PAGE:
In 2017, KPMG in Australia was challenged by a Life Sciences MNC to determine the appropriate funding pathway for Federal Government reimbursement of a CAR-T innovation. As an inter-dependent, stepwise process that involved medical and manufacturing procedures (patient and nonpatient facing), the CAR-T was not a standalone item. Whilst funding pathways exist in Australia for Leukapheresis and T-Cell infusion stages of treatment, there was little precedent for the government to pay a sponsor company for the manufacture of patients’ extracted T-cells.

Australia is a global leader in conducting robust HTAs of medicines and vaccines. Both the Life Sciences MNC and KPMG accepted that the government would wish for CAR-T to be subjected to the same rigor. Importantly, as a Class 4 Biological, the CAR-T innovation was not eligible for consideration by the Pharmaceutical Benefits Advisory Committee (PBAC). Therefore the Medical Services Advisory Committee (MSAC) appeared to be the obvious choice for HTA; however, the MSAC had little experience in evaluating targeted therapies such as CAR-T and, for the Life Sciences MNC, minimal exposure in navigating the pathway through the committee. In addition to HTA, the greater challenge was how the funding would be enabled in the complex UHC system of Australia.

Some progress has been made, with funding achieved in 2019 for patients with paediatric Acute Lymphoblastic Leukaemia (pALL). Other indications are currently with MSAC for consideration. The funding was made possible via a series of agreements between the Australian government and the states and territories. The Federal Government also announced an A$80m investment into the manufacture of CAR-T at the Peter MacCallum Cancer Centre, ensuring that all stages of the CAR-T pathway are able to remain in Australia. Critically, the reimbursement pathway enabling patient access has been successfully navigated in Australia for CAR-T and ultimately opened the channel for funding of other cell therapies.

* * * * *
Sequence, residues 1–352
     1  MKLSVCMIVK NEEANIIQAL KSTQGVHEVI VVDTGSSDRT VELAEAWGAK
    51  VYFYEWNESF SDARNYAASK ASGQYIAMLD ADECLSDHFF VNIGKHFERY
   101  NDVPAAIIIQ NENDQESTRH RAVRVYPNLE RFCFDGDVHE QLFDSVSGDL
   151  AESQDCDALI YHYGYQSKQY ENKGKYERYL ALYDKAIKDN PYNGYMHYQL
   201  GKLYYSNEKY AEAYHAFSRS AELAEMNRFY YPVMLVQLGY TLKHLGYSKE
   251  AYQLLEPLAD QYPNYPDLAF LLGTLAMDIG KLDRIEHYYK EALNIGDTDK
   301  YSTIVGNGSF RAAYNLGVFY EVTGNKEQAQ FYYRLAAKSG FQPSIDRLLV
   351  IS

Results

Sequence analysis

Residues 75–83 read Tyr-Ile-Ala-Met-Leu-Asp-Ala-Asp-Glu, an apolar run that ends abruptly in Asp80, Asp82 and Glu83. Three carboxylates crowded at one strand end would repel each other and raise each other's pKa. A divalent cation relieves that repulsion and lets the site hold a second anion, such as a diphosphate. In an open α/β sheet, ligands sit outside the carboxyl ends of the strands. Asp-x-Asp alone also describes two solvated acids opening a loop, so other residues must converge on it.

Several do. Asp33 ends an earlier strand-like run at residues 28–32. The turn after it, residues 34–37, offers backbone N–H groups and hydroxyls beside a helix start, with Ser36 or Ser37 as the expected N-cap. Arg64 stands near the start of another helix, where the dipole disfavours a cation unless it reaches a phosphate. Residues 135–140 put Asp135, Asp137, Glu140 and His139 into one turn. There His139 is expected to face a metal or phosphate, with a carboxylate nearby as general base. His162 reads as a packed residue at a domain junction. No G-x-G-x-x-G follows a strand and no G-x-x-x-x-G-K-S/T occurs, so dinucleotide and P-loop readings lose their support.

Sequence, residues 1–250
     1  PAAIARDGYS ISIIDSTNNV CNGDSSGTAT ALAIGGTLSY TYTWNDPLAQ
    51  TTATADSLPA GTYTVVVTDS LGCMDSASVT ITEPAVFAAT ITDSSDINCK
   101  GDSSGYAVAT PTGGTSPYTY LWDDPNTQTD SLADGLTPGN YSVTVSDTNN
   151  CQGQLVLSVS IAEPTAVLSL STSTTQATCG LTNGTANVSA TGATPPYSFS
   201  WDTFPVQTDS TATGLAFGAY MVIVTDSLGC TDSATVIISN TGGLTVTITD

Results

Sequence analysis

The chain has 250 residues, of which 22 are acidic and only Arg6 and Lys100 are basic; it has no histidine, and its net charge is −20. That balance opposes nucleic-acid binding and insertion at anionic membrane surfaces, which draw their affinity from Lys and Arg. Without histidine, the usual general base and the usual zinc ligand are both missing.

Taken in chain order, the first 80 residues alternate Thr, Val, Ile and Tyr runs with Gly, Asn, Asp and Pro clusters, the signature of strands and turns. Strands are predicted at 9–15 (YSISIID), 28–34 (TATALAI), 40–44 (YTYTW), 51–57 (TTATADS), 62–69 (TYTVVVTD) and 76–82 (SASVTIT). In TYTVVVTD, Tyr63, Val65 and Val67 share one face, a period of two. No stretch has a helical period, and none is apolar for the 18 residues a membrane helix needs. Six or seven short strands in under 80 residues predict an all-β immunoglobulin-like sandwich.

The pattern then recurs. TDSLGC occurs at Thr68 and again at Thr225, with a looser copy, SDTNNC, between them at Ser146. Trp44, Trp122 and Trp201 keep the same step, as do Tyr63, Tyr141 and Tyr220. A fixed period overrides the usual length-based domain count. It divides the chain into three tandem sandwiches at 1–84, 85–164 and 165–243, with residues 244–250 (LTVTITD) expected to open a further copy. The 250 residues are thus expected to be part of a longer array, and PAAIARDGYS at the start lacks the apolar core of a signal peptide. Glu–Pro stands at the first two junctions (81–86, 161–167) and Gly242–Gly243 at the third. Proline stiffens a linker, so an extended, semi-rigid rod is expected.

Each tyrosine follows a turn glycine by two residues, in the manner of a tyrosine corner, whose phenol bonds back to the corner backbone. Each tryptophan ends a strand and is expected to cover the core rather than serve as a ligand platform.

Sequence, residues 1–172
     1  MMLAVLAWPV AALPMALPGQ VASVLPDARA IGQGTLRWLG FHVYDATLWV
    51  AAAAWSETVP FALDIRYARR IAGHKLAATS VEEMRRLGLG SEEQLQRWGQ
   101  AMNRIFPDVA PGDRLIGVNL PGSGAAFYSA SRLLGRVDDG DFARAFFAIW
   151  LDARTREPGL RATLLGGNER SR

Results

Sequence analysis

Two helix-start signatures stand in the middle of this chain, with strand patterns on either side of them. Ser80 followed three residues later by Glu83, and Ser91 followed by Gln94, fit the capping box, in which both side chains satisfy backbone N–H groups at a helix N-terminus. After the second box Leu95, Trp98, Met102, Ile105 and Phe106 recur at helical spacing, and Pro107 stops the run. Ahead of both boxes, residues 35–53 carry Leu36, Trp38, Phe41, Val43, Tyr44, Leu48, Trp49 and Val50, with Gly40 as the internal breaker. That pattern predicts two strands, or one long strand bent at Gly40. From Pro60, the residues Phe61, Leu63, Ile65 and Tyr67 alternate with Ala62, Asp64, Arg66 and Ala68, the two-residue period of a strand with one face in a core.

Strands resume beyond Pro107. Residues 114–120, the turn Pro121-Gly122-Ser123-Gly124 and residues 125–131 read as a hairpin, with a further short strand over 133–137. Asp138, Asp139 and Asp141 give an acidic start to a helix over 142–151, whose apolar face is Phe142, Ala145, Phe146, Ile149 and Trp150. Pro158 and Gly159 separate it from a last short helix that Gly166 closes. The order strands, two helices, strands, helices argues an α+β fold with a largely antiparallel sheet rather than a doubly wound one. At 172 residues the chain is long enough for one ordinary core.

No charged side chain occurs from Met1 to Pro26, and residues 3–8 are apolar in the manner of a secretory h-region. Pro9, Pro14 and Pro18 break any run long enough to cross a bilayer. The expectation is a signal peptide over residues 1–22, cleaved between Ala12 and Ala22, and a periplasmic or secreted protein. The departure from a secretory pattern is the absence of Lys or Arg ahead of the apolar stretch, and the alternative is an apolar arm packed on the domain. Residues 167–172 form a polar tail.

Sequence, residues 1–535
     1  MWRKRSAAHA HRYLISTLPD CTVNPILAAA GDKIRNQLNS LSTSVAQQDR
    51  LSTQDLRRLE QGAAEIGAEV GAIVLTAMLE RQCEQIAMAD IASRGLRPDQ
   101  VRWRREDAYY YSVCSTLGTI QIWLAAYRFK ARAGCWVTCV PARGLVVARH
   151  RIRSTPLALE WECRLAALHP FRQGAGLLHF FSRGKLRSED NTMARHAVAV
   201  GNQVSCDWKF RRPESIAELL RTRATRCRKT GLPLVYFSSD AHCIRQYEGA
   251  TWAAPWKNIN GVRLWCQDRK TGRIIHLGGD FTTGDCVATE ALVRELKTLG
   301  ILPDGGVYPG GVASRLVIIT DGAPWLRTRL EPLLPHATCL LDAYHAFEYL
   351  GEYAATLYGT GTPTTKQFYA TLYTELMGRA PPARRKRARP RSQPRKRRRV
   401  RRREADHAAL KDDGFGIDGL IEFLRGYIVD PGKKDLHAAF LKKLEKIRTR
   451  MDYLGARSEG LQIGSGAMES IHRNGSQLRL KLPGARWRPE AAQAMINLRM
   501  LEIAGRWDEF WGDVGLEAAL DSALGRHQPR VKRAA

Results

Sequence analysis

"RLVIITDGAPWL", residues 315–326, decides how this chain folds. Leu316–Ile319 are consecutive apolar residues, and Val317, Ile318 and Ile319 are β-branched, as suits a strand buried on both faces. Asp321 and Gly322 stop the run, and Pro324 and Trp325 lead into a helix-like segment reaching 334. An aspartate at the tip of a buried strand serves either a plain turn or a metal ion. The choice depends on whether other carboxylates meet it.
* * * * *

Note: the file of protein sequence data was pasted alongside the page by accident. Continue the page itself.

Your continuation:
China’s localisation play
China is now the second largest country in the world for CAR-T clinical trials, as much as 80% of which are conducted by the hospitals themselves. The CAR-T industry chain is in process of being formed in China, including ongoing and expected regulatory reforms to benefit access to such novel therapies. Concurrently, cancer drugs have seen as high as a 50% voluntary price reduction due to competition to remain on the national approved listing.